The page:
Prof. McCloud: "Souaiaia has also developed an approach of investigation that has a known integrity"

Book Review: Read the Full Review

CONTESTING JUSTICE: WOMEN, ISLAM, LAW, AND SOCIETY. By Ahmed E. Souaiaia. State University of New York Press 2008. Pp. 195. $20.95. ISBN: 0-791-47398-8.

Some studies on Muslim women have assumed that the liberation of Muslim women from the oppressions of the Qur’an and Muslim men could only emerge by forcing Muslim governments to change their laws.
Other studies strongly advocate for women’s participation in governmental institutions and civic life where their voices on interpretations of texts including the Qur’an will cause changes in the distribution of justice and fairness regarding women. Still others assert that most, if not all, of women’s disenfranchisement is a result of male domination which must be attacked. Other researchers on Muslim women, especially in the West, have discovered that the more identifiable (i.e. western) the actions of Muslim women, the greater their potential for liberation. The variations on these arguments are too numerous to name here. What is evident is that there is a contradiction between a central text, the Qur’an, that calls for social justice and traditional cultural practices that largely obscure that justice and fairness in Muslim societies, communities and families irrespective of geographical location. Equally obvious is the fact that comparing the lives of Muslim women with lives of other women is not a path for a solution.

Rationales for the circumstances of Muslim women have alternatively been placed at the feet of male interpretation of the Qur’an, patriarchy, colonialism, the threats of Western modernity and illiteracy.
Analyses that base any of their positions on this list of blameworthy opponents however, have not produced a viable path. Yet, inside an unsettling green and yellow set of covers, Professor Ahmed Souaiaia presents one of the most compelling set of arguments to date. In Contesting Justice: Women, Islam, Law, and Society, he seeks to reexamine the arguments listed above and provide more challenging analyses. Focusing on justice and fairness, Souaiaia proposes that researchers cease to limit their attention to singular solutions such as legal reform or radical cultural reform; rather, he argues that they turn their intellectual resources to the creation and protection of civil society with a rebuilding of educational institutions that support and nurture critical thinking by men and women.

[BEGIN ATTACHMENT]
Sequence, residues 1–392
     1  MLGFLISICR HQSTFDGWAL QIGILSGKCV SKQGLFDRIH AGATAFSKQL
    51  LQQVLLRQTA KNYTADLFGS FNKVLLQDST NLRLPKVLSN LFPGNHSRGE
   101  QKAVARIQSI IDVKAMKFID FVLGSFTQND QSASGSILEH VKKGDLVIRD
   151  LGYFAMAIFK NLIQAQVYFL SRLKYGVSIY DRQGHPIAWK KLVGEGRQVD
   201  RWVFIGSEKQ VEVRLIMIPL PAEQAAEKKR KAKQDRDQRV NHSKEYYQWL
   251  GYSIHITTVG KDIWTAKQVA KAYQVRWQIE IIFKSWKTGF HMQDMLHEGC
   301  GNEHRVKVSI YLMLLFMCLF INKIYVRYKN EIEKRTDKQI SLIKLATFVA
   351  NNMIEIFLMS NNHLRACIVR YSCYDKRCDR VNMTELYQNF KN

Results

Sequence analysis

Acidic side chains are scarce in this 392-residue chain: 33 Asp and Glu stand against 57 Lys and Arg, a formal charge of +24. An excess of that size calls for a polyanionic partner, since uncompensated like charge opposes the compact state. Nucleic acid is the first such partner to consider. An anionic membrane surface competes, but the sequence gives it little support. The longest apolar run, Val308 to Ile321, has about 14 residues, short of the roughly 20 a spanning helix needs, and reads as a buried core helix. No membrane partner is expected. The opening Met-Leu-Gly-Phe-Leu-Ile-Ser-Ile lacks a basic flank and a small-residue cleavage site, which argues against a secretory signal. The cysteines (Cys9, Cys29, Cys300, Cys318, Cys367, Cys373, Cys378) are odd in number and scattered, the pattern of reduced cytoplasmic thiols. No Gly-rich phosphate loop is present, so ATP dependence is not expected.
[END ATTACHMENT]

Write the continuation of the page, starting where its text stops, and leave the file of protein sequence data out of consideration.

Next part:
Read the Full Review

Shaikh's Review of Contesting Justice

Contesting Justice: Women, Islam, Law and Society; Reviewed by Khanum Shaikh, University of California, Los Angeles

In Contesting Justice, Ahmed Souaiaia offers an innovative examination of the link between social justice and the Islamic interpretive and legal tradition. The author’s main argument is premised on the need to maintain a clear-cut distinction between what are explicitly stated legal proofs within Qur’anic texts, and those that are implicit and ambiguous and have been given meaning through human interpretation…

…All in all, the author’s efforts at combining a theoretical approach and practical methodology are commendable and very welcome efforts for scholars, students, and practitioners of Islamic law and human rights. At times Souaiaia’s efforts to navigate multiple terrains may compromise the clarity of his message as the reader works her way through claims that oscillate between the generalized and the specific, the discipline-bound and the interdisciplinary, modern discourses on human and women’s rights and fiqh-based rulings on specific issues, etc. Overall, however, this work may serve as a useful and practical tool for academics and practitioners alike… read the rest of the review

Excerpt from the Review written for Journal of Middle East Women's Studies

HUSSIN's Review of Contesting Justice

Contesting Justice, as reviewed by Iza Hussin, University of Massachusetts, Amherst